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I have a generic GetMinimum method. It accepts array of IComparable type (so it may be string[] or double[]). in the case of double[] how can I implement this method to ignore the double.NaN values? (I'm looking for good practices)

when I pass this array

double[] inputArray = { double.NaN, double.NegativeInfinity, -2.3, 3 };

it returns the double.NaN!

public T GetMinimum<T>(T[] array) where T : IComparable<T>
{
    T result = array[0];
    foreach (T item in array)
    {
        if (result.CompareTo(item) > 0)
        {
            result = item;
        }
    }
    return result;
}
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3 Answers 3

up vote 4 down vote accepted

Since both NaN < x and NaN > x will always be false, asking for the minimum of a collection that can contain NaN is simply not defined. It is like dividing by zero: there is no valid answer.

So the logical approach would be to pre-filter the values. That will not be generic but that should be OK.

 var results = inputArray.EliminateNaN().GetMinimum();

Separation of concerns: the filtering should not be the responsibility (and burden) of GetMinimum().

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Yes. exactly as inputArray.Where(x => !x.Equals(double.NaN)).Min(); –  nawfal Jan 21 '13 at 19:32

You can't from inside the method. The reason is you have no idea what T can be from inside the method. May be you can by some little casting, but ideally this should be your approach:

public T GetMinimum<T>(T[] array, params T[] ignorables) where T : IComparable<T>
{
    T result = array[0]; //some issue with the logic here.. what if array is empty
    foreach (T item in array)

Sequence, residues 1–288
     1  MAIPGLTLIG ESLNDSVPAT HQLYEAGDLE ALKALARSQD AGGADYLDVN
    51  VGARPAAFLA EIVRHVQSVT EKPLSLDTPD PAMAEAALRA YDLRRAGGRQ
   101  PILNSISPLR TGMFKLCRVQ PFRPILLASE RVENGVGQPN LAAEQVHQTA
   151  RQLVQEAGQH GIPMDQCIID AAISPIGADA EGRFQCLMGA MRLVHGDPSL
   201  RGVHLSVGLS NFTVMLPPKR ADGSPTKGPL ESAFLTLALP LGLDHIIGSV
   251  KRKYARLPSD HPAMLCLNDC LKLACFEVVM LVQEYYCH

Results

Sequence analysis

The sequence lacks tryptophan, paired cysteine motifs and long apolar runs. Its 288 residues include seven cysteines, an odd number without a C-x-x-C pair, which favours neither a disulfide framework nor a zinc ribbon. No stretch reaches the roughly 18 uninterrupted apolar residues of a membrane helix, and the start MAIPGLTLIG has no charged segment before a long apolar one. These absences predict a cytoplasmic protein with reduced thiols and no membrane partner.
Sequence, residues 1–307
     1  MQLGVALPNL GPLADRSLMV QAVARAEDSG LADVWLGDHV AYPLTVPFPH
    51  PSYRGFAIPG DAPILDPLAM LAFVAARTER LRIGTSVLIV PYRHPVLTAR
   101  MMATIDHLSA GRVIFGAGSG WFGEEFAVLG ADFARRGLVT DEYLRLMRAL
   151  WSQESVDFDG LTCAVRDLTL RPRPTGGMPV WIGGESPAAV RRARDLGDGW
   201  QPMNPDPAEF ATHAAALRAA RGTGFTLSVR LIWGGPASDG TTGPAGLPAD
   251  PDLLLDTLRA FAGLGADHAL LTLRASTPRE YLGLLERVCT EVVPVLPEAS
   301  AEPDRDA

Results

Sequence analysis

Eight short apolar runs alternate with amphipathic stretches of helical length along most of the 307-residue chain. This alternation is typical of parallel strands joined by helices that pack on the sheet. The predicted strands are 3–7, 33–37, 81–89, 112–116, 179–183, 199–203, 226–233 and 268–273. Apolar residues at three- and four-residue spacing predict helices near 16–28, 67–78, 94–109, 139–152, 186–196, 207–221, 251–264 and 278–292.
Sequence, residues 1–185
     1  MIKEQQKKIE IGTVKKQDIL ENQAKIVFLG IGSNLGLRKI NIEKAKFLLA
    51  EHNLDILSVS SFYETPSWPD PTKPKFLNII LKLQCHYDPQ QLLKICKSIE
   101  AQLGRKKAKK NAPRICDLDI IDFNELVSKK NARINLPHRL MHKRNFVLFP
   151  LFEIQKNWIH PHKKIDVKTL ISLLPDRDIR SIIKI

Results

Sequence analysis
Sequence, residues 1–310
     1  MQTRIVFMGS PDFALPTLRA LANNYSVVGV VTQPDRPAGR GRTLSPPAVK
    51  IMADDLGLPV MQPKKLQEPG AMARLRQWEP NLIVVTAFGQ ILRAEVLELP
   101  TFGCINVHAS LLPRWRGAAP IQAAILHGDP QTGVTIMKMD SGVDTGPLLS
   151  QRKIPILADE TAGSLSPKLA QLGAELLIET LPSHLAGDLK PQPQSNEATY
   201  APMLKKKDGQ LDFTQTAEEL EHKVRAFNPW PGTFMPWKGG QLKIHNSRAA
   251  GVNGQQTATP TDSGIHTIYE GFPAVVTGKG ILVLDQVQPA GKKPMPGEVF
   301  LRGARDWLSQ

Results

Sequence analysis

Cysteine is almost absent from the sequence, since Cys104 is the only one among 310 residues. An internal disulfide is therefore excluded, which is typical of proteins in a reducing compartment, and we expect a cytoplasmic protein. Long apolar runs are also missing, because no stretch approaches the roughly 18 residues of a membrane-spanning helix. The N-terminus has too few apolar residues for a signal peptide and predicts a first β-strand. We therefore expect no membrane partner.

{
        if (ignorables.Contains(item)
            continue;

        if (result.CompareTo(item) > 0)
        {
            result = item;
        }
    }
    return result;
}

Now call this:

double[] inputArray = { double.NaN, double.NegativeInfinity, -2.3, 3 };
GetMinimum(inputArray, double.NaN);

If you're sure there is only item to be ignored, then you can take just T as the second parameter (perhaps as an optional parameter).

Or otherwise in a shorter approach, just:

inputArray.Where(x => !x.Equals(double.NaN)).Min();
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are you sure it doesn't return double.NaN? –  Hossein Narimani Rad Jan 21 '13 at 19:07
    
That won't quite work -- calling ignorables.Contains() won't do the trick because double.NaN.Equals(double.NaN) will return false. You need to handle the special case with double.IsNaN(). –  Jeremy Todd Jan 21 '13 at 19:07
    
@HosseinNarimaniRad it may return, thats why i said the logic inside is not so sound. But editing that wasn't my main priority –  nawfal Jan 21 '13 at 19:09
    
@JeremyTodd this works. It returns true, and not false.. –  nawfal Jan 21 '13 at 19:11
    
@nawfal Huh, I stand corrected. From MSDN: "If two Double.NaN values are tested for equality by calling the Equals method, the method returns true. However, if two NaN values are tested for equality by using the equality operator, the operator returns false." That seems kinda weird! –  Jeremy Todd Jan 21 '13 at 19:24

According to this Q&A, it's complicated: Sorting an array of Doubles with NaN in it

Fortunately, you can hack around it:

if( item is Single || item is Double ) {
    Double fitem = (Double)item;
    if( fitem == Double.NaN ) continue;
}
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2  
This won't quite work, because fitem == Double.NaN will always evaluate to false, even when fitem actually is Double.NaN. You have to use Double.IsNaN(fitem) (or fitem.Equals(Double.NaN), as I discovered). –  Jeremy Todd Jan 21 '13 at 19:28

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